You’re living in your mom’s basement, you’re CEO of a crypto project you started with your friend that’s now worth $5 million. It’s small fry in crypto but for you, it’s success beyond your wildest dreams.
You’re scared though, you’re starting to feel out of your depth, but people just want to throw money at you. Moonboys shouting ‘wen lambo’, VCs wanting your LinkedIn details so you can have a sit down with their business development managers. You want more success but worry that people will see through you.
You’re not on LinkedIn because flipping burgers isn’t a key skill in crypto and your qualifications are playing fortnite and smoking bowls. What do you do? Take the money and vanish or push on, scared it’ll collapse in on you, leaving you with nothing.
In this situation the idea of being transparent scares the hell out of you, so what do most people do? They freeze. They carry on trying to grow the project the same way they started it, but that time has gone. It’s easy to be carefree when there’s not much at stake, but when it’s millions the pressure grows exponentially.
The idea of needing to be on LinkedIn is absurd in crypto, but a surprising number of people fall for it. Unless you’ve done 10 years working for a trans-national company, building up a network of colleagues to vouch for your different skills and a proven track record it’s not much use.
How is someone who’s principally worked in the EMEA markets on a sales or marketing team going to be of any use in crypto? Chances are they don’t even own an NFT, so why would you be bothered about impressing them or networking with them? Let them come to you on your terms, don’t go chasing them on theirs because you’ll be at an immediate disadvantage.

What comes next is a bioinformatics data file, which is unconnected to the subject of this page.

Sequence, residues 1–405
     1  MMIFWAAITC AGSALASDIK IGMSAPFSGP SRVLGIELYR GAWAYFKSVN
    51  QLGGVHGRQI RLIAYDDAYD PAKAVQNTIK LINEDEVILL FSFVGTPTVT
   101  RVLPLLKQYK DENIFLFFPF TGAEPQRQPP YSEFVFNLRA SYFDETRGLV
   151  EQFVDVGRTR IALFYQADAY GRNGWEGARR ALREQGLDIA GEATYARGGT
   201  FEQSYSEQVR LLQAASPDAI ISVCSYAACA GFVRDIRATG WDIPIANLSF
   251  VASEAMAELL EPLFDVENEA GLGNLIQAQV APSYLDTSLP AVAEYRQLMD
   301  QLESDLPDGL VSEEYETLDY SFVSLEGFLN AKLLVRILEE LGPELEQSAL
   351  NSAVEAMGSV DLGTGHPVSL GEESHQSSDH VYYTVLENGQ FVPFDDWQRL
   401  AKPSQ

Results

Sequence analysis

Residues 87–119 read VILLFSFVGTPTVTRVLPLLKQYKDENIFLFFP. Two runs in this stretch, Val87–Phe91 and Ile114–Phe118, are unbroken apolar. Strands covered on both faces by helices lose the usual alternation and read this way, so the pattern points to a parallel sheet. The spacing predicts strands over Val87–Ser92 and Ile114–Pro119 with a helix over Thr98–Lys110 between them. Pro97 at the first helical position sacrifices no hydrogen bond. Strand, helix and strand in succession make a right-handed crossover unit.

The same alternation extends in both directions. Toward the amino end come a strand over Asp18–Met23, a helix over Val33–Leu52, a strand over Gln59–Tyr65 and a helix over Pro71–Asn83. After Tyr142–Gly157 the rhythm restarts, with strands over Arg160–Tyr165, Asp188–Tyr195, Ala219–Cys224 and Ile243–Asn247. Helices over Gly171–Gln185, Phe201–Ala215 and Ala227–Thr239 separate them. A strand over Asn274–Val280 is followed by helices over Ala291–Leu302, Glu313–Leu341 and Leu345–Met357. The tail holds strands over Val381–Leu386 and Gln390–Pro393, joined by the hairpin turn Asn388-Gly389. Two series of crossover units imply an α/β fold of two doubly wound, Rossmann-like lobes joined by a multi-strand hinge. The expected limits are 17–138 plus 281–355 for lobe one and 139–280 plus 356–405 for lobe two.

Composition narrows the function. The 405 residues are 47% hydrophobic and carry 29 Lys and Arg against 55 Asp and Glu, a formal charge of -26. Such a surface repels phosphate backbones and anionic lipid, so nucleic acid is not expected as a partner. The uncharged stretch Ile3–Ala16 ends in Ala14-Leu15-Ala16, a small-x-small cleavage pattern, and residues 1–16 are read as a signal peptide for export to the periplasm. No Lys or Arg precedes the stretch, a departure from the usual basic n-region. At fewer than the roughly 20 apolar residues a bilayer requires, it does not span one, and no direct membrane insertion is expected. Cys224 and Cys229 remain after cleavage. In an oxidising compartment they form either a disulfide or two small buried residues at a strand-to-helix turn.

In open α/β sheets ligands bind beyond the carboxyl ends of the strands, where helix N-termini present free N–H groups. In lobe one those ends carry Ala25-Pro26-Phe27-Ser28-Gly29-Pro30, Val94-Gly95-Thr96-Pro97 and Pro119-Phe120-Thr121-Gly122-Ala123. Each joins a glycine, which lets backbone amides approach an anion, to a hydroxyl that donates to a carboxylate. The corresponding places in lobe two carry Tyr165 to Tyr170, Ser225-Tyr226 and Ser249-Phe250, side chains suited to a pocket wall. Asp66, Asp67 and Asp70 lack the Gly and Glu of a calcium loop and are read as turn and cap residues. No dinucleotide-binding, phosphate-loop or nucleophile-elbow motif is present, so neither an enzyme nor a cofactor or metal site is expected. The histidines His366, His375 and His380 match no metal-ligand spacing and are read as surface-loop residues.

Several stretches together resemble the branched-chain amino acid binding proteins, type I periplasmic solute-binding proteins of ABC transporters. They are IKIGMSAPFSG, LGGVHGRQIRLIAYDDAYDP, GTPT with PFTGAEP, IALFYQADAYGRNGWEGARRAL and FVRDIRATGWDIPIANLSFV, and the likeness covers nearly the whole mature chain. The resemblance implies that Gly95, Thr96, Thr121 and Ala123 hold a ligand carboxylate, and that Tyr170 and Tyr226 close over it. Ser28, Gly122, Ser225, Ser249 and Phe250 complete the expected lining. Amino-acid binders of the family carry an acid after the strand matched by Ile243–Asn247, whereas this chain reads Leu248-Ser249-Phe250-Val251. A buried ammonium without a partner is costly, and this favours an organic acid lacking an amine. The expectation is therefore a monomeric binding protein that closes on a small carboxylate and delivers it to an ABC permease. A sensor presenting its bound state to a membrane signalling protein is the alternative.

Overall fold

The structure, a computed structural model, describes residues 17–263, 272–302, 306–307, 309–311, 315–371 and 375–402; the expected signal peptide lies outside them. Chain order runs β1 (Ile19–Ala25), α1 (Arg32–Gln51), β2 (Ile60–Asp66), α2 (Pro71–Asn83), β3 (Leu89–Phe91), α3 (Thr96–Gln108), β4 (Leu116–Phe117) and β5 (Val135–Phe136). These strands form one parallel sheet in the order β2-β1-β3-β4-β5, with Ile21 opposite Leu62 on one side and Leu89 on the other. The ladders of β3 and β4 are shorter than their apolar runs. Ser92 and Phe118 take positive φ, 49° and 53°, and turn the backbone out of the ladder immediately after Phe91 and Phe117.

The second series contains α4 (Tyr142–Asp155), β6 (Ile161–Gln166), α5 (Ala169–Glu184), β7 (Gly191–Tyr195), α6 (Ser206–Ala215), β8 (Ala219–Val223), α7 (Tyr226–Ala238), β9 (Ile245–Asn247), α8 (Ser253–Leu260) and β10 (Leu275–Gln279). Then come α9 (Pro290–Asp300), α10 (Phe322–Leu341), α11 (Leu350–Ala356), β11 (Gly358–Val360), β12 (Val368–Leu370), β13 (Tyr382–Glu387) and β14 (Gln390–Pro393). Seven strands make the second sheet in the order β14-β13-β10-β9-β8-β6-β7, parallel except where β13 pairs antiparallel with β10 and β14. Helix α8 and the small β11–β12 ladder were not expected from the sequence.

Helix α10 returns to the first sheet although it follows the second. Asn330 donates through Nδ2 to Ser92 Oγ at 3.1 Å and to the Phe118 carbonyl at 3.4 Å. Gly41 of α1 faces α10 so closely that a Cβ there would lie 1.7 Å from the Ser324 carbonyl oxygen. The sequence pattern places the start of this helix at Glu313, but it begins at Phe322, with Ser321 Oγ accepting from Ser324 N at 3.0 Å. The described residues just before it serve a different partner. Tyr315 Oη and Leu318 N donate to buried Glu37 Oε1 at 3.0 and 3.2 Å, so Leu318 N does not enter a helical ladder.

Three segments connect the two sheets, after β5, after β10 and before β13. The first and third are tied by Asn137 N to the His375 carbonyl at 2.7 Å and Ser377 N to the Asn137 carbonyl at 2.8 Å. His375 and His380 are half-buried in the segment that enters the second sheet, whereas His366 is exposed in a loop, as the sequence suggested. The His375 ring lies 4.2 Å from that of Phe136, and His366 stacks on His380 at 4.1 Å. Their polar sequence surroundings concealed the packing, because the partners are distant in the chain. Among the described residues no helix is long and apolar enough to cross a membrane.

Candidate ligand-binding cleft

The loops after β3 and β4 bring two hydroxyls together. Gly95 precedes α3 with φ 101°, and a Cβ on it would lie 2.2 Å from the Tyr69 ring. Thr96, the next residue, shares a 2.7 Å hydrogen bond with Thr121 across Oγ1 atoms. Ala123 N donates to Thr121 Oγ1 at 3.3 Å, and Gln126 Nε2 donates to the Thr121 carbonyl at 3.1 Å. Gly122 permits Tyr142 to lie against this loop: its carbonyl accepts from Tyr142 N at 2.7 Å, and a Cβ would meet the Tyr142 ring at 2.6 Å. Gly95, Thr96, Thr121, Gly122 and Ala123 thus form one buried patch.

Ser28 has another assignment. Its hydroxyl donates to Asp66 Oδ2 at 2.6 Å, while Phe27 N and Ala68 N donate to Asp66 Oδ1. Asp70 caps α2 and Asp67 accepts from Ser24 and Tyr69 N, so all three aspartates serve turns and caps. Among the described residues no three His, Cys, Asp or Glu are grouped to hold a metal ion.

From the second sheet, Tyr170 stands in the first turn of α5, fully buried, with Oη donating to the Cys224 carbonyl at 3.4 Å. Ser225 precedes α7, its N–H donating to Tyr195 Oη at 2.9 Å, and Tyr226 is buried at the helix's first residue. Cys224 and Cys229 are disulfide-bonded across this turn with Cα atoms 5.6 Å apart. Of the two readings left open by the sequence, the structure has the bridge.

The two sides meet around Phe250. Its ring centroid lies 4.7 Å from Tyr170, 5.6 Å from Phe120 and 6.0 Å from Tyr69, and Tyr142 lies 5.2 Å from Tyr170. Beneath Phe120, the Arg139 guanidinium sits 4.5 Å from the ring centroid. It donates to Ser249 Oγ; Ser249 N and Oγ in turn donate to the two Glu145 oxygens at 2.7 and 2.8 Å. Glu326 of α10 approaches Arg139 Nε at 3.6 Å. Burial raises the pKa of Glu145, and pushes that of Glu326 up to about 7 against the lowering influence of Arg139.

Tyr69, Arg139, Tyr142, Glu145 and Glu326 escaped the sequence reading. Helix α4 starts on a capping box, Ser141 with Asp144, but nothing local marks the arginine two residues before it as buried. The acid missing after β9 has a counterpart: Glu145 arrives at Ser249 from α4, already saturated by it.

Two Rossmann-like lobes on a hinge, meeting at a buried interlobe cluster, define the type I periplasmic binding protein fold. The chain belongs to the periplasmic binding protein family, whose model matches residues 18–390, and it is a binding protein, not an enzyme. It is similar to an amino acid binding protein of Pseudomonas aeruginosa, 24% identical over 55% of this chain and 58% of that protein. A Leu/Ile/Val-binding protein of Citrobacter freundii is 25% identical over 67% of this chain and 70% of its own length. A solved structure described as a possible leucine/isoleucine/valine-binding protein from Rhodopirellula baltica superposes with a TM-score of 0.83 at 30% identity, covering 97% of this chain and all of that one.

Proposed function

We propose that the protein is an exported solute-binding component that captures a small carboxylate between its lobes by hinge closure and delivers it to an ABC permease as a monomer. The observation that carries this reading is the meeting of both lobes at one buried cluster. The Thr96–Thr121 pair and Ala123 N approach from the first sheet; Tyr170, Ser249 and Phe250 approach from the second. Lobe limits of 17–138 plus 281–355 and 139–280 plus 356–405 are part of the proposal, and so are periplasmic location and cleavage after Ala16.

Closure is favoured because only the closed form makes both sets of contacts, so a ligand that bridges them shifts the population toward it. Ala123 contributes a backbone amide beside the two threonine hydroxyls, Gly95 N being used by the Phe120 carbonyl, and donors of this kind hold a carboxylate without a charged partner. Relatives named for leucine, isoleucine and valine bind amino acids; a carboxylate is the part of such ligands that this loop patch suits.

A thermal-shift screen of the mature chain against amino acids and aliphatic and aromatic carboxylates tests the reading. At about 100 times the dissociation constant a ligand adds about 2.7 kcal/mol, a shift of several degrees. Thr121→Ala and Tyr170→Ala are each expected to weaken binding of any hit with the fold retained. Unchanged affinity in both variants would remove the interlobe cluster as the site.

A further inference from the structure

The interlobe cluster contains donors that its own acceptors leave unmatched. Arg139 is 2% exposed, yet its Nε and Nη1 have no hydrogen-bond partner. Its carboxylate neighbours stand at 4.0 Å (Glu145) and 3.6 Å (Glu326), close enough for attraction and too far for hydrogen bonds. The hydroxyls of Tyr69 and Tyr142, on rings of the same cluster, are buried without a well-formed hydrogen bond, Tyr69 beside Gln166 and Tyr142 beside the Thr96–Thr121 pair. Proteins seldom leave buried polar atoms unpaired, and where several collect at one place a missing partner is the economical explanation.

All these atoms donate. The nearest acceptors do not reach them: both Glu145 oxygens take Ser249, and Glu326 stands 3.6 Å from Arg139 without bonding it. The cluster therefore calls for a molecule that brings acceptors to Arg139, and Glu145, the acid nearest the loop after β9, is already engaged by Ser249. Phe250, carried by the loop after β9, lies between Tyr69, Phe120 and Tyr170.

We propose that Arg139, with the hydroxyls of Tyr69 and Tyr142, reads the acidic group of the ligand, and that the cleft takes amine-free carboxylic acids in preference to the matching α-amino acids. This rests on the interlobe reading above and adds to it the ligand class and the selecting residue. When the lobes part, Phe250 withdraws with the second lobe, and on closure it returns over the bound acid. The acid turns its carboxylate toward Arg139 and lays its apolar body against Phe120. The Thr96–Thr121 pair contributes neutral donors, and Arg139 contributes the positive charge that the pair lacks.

Much better than LinkedIn is doxxing yourself, which adds huge trust to your community and investors. They don’t expect that you’ll know each step to take, but they’ll see that you’re humble and open, key factors when navigating the numerous rug pulls and fake out projects. Invest in your community by trusting them, then invest in your project by hiring in skills rather than trying to learn them.
If you need tax advice speak to a qualified advisor, if you need marketing buy it in, if you need business development, buy it in. By all means, hire from within your own community if you can, but use your resources to elevate your project above the rest. Don’t freeze, act.
When working alongside DJI four years ago the drone industry was facing increased focus from regulators and law enforcement. I worked not only with drone manufacturers but also with civil aviation organizations, law enforcement agencies, and the occasional politician. I felt out of my depth for sure but could hold my own with the most senior people in all those fields for the simple reason that I had expert knowledge they needed and I could communicate it clearly and honestly to them.
It’s the same with crypto. If you’re developing a project you have far more knowledge than any outsider does, no matter how senior their position. You don’t feel like a CEO, especially when you see your surroundings, but that doesn’t matter. People are investing in crypto because they see the intrinsic value of the technology and they understand it’s the bleeding edge. No one knows everything, but they know when they hear BS.
Never be afraid to ask, never be afraid to be wrong, and above all never lie. There are skillful ways to present the truth that protects your project from reputational damage. Hire in that skill because it’s unlikely you’ll have it.
If you can communicate truthfully, be transparent, and humble, but also accentuate the positives you’ll stand out from the crowd of cookie-cutter projects. In the next phase of crypto, the force multiplier will be effective communications. People are swamped with like, follow, retweet contests, giveaways galore, whitelists, and rug pulls. What they crave now is transparency as they learn the importance of DYOR.